What is partial discharge?

Partial discharges (hereinafter also referred to as PD) are localized electrical discharges which only partially bridge the insulation between conductors and which can occur adjacent to a conductor, but do not have to (according to standard IEC 60270). The partial discharges occur on high-voltage lines, in windings and other electrical equipment. PD can occur due to faults in windings caused by faulty enamelled wires, air pockets during casting, insulation faults or similar.

Fig. 1: Sliding or surface discharges during hipot test (AC)
Fig. 2: Partial discharges during surge test

How are partial discharges generated?

A high-voltage pulse is applied to the DUT and potentially occurring partial discharges are detected. The measurement of the partial discharge of winding against body (housing) can be done with a hipot tester. A surge tester is used to measure the partial discharge of winding against winding (and body).

What is measured?

A partial discharge generates high-frequency voltages and radio beams. Parallel to the measurement of the test voltage, the high-frequency voltage components can either be measured via a line or the radio radiation via an antenna. Both methods are offered by SPS electronic and are interference-free due to narrow-band and active measurement technology. They can therefore be used without restrictions in both laboratory and production environments.

Testing EOL

In the routine test, the test voltage is first determined. For the series testing of many DUT, testing is often only carried out at this determined voltage and with fewer voltage pulses. The reduction of steps and pulses is done to avoid too high loads on the final product. While in the past these tests were not very suitable for series production due to the long cycle time, this is now possible by using SPS electronic test technology. Due to the considerable reduction of the test time, EOL measurements on a large scale are also possible!

Measurement result

The measurement result is output logarithmically in millivolts (mV). A doubling of the partial discharge voltage from 50 mV to 100 mV corresponds to a tenfold increase in discharge energy (from 100 mV to 200 mV corresponds to a tenfold increase again). The background noise with antenna is (depending on the environment) typically 30 mV - 50 mV, with line coupling the background noise is typically 180 mV to 230 mV.  The threshold value for detection as partial discharge should be approx. 20 mV to 50 mV above the background noise (customer-dependent).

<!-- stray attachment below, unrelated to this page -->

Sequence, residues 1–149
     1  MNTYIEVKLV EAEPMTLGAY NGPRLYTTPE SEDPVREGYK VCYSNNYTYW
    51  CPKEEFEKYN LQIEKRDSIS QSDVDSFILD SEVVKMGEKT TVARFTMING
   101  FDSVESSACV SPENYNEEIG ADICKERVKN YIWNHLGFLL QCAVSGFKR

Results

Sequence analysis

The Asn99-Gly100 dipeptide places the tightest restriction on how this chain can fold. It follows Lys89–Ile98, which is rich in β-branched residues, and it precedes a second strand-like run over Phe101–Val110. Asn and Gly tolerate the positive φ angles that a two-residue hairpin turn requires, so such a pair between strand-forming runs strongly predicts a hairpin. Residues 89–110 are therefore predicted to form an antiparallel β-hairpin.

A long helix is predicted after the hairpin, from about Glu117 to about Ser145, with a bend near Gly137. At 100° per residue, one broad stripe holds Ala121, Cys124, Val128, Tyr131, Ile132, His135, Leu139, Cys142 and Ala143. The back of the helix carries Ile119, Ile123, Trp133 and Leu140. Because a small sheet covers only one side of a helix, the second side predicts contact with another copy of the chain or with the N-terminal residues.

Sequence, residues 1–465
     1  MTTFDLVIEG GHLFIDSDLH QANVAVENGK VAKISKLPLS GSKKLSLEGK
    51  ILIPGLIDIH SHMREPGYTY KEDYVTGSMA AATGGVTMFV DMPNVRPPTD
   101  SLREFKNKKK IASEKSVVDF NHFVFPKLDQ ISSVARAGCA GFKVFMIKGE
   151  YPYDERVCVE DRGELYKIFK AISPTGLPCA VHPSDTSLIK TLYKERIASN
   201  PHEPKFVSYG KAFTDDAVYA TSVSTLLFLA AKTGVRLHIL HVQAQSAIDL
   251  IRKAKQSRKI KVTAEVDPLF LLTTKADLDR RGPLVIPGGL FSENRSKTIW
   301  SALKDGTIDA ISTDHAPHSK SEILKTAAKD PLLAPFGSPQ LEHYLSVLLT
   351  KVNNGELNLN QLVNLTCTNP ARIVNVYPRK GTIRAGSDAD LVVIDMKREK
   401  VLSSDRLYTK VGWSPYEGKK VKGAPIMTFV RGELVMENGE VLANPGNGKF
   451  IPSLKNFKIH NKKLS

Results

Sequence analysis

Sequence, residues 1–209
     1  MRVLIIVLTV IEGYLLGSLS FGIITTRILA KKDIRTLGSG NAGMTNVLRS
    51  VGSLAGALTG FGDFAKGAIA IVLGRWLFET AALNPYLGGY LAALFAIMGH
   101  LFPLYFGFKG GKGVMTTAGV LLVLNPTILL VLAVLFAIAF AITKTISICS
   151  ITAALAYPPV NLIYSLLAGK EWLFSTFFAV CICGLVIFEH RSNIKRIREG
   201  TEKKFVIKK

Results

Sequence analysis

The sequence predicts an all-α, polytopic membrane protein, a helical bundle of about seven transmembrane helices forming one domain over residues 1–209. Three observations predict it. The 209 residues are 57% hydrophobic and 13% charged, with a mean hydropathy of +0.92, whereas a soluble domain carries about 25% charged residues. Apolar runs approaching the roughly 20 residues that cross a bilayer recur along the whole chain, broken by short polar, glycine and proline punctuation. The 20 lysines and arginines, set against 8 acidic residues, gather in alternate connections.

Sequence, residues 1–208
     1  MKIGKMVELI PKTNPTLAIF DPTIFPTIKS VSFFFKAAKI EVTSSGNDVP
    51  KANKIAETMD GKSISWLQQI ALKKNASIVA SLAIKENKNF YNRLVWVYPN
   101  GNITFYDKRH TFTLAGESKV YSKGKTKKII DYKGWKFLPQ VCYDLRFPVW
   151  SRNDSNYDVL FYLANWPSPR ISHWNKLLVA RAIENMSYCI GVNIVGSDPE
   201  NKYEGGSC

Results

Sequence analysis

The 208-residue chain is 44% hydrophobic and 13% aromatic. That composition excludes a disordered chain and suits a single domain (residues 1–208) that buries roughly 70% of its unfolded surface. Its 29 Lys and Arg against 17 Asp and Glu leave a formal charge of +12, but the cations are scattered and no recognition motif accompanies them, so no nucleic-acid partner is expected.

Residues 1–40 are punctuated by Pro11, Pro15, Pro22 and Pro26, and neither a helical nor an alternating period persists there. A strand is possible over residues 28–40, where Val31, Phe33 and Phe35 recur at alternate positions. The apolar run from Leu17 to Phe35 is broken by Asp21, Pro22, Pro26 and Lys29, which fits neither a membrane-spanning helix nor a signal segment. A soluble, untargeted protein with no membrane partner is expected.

Why we don't measure in picocoloumb

The measurement of partial discharge in coulombs is useful for "twisted pairs of conductors", if the equivalent capacitance CS is considerably smaller than the detection capacitor Cd, and is only required in the IEC 60270 standard for PD. However, standards of practical relevance for winding materials (e.g. IEC/TS 60034-27-5 and IEC 61934) do not specify the measured value in Coulomb (or Picocoulomb), since the electrical charge cannot be measured in a meaningful way. Measuring the electric charge in Coulomb leads to inaccuracies and corresponding difficulties in comparison.

More meaningful than the charge energy is, in practice, the level of the inception- (PDIF) and extinction voltage (PDEV). The higher the voltage, the better the insulation.

Why an active measurement is preferable

The accuracy of the measurement is increased by active antennas (MW 40) and active line coupling (HW 40), the sensitivity to interference is reduced, the range of applications is increased and the line length to the test device may be longer.

Active antenna compared to active line coupling

The microwave antenna operates in the range of 1.57 GHz (GPS frequency), as no electronic devices may interfere in this frequency range. The active antenna processes the signal already in the antenna head, so that the accuracy is increased and the line length to the test system can be as long as required. The measurement with an antenna is only useful on open stators. On closed stators (assembled motors) the active line coupling is used. The measurement with line coupling is more sensitive, but has a higher background noise and only frequencies in the range up to 400 MHz can be evaluated.

Measuring method according to IEC 61934

Since partial discharges are not a 100% reproducible event, a measuring method in connection with surge pulses was defined in the IEC 61934 standard to determine the insulation quality of winding materials by partial discharge measurements. For this purpose not only one surge pulse is evaluated, but a whole series of surge pulses with different voltages.

The IEC 61934 standard proposes to work with 10 pulses per voltage. Initially, the test voltage is continuously increased. As soon as a partial discharge occurs for the first time, this voltage level is recorded as the partial discharge inception voltage (PDIV). The test voltage is then further increased until 50% of the surge pulses produce partial discharge. This voltage is called the repeated partial discharge inception voltage (RPDIV). Now the voltage level of the surge pulses is reduced again. If partial discharges are detected in less than 50% of the surge pulses, this value is recorded as the repeated partial discharge interruption voltage (RPDEV). As soon as no more partial discharges are registered at a voltage level, the partial discharge interruption voltage is reached (PDEV) and the test is terminated.

With these four characteristic values the insulation of the winding is clearly qualified and can be provided with tolerances for production. Testing to IEC 61934 is particularly important for winding materials that are exposed to steep switching flanks during use, as potential early failures in production are detected that cannot be detected by other methods.